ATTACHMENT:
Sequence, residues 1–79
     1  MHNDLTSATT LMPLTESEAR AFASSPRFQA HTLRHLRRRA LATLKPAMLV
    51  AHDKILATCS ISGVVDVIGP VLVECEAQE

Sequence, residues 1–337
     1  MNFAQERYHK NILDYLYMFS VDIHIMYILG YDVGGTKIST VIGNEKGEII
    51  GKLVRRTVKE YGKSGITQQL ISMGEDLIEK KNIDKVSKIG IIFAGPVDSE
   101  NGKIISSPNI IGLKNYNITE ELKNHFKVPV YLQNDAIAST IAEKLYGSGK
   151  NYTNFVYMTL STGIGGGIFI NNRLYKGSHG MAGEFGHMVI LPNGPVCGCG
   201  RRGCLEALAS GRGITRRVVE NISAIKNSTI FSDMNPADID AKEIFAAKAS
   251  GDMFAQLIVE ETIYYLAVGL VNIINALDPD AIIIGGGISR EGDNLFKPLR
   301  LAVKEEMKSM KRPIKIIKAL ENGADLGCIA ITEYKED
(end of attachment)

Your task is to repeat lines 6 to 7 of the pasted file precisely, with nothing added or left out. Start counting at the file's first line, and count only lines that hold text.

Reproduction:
    51  GKLVRRTVKE YGKSGITQQL ISMGEDLIEK KNIDKVSKIG IIFAGPVDSE
   101  NGKIISSPNI IGLKNYNITE ELKNHFKVPV YLQNDAIAST IAEKLYGSGK